New Yorkers are talking about Birds over Broadway. But it’s not a new play.
Nearly a dozen artificial birds representing species that some claim are in danger thanks to climate change, are now on display at the Broadway Mall between 64th and 157th streets.
Teaming up with the New York City chapter of the Audubon Society is Brooklyn-born artist Nicolas Holiber. He has taken lumber from old floorboards and shipping pallets and refashioned them to create the work of art.
At Dante Park, right across from Lincoln Center, strollers can fine an almost 15-foot long red-necked grebe along with three baby chicks sitting on its back. The bird’s bill is aligned with a clock – watching time run out, get it?
On 148th Street sits a recreation of a snowy owl.
On 105th Street, a wooden double-crested cormorant sits poised.
On 79th street there is a diminutive American bittern bearing red and white stripes, gazing up at the heavens.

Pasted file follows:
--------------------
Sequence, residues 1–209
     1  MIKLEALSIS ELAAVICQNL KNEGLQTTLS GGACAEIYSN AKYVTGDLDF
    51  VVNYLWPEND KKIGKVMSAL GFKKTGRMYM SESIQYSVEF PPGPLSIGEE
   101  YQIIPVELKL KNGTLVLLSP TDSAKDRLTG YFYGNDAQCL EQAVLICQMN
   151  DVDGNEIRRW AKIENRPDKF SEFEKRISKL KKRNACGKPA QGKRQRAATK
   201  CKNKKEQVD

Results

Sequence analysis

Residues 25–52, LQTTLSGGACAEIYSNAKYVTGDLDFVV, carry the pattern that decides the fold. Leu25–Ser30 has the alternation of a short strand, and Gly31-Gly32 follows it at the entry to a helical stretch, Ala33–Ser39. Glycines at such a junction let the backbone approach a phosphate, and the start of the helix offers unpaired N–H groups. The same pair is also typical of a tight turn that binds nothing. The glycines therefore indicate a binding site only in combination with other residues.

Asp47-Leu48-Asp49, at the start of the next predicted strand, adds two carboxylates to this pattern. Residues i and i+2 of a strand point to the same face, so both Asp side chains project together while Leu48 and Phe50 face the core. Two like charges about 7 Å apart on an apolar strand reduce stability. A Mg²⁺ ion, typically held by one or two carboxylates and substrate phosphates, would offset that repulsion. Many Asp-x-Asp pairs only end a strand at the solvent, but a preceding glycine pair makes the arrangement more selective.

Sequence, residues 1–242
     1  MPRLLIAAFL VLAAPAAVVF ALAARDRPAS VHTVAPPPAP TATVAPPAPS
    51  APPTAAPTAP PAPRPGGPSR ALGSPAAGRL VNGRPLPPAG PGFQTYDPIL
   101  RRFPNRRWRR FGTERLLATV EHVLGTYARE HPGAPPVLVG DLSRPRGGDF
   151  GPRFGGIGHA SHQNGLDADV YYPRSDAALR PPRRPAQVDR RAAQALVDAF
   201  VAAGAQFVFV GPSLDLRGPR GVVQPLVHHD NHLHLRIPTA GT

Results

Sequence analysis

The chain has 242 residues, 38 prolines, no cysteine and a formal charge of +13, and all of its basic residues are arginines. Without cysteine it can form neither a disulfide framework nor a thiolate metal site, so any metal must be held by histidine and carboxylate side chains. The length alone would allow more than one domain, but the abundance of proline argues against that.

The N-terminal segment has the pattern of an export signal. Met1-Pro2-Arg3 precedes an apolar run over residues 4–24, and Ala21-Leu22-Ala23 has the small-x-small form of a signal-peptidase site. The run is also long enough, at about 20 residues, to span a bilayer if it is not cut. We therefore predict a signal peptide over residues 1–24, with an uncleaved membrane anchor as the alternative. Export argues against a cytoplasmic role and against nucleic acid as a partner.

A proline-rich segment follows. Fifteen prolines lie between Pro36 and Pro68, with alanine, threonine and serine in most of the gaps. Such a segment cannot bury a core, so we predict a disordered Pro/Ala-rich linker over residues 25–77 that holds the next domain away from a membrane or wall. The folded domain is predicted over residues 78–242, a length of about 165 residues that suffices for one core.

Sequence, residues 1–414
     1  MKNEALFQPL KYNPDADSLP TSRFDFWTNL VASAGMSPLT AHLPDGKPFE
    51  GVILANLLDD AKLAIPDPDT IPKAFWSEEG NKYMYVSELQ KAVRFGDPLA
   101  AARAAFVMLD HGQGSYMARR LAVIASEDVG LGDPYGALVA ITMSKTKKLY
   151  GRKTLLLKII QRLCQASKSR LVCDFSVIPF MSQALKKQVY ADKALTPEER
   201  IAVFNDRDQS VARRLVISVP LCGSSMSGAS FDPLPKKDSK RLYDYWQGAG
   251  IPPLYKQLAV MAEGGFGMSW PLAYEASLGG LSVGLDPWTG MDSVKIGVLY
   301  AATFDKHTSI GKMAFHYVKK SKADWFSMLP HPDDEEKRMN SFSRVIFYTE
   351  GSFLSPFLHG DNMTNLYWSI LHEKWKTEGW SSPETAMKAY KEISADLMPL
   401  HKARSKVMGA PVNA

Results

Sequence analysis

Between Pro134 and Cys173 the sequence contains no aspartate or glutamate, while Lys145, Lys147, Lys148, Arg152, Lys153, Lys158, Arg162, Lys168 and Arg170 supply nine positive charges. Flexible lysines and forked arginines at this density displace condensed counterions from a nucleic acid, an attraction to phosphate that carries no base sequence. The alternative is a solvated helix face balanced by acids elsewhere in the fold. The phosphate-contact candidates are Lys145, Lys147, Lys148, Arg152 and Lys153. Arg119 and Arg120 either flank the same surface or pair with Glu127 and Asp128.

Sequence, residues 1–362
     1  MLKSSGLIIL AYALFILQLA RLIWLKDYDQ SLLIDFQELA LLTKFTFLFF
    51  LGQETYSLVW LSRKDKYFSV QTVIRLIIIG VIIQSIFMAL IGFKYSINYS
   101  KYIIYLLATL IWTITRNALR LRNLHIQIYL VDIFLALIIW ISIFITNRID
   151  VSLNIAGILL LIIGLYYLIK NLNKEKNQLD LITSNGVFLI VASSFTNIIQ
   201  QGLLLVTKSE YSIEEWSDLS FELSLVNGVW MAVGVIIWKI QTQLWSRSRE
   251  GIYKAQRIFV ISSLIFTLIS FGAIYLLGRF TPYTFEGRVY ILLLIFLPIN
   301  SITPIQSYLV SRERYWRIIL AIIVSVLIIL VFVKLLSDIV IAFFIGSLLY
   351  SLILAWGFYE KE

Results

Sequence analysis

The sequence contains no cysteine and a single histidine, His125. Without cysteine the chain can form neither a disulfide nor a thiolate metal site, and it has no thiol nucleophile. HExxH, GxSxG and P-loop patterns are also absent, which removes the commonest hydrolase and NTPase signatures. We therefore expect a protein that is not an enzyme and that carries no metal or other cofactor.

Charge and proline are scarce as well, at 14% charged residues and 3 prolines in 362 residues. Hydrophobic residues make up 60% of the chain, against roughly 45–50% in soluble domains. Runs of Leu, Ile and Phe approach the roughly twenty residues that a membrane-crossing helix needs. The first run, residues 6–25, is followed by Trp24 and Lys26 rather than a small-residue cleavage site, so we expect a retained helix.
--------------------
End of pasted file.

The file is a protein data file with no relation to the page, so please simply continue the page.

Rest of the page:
At 96th Street, the street is now adorned with a large brant, a form of saltwater goose.
Holiber was the subject of a piece on kickstarter.com, which pointed out that the public art exhibition is intended to raise awareness for bird species whose existence is threatened by climate change, while also bringing beauty to the urban landscape.
“Stretching from 64th Street north to 166th Street in Manhattan, the exhibition will display sculptures in prominent locations on the median that bisects Broadway, called the Broadway Malls,” the site reports. “Holiber is the youngest artist ever to have a solo exhibition on the malls and this will be one of the largest to date.”
Each sculpture will be made out of 100% reclaimed or recycled wood, kickstarter.com noted. “Through a partnership with Big Reuse, the artist will receive salvaged lumber to be used for each bird. Holiber will also reprocess found wood from around the streets of New York City. Additionally, sponsorship for all of the hardware needed to build the sculptures has been provided by Marjam Supply Company.”
The birds’ importance lies in generating awareness, the group continued. “Why are these birds important? Because they come from a group identified in the National Audubon Society Birds & Climate Change Report, which revealed that 314 species—nearly half of all North American birds—will be imperiled over the coming decades due to shifting and contracting habitat zones as a result of global warming. Each sculpture will be accompanied by information on that specific bird, the threats it faces, and what concerned viewers can do to help.”
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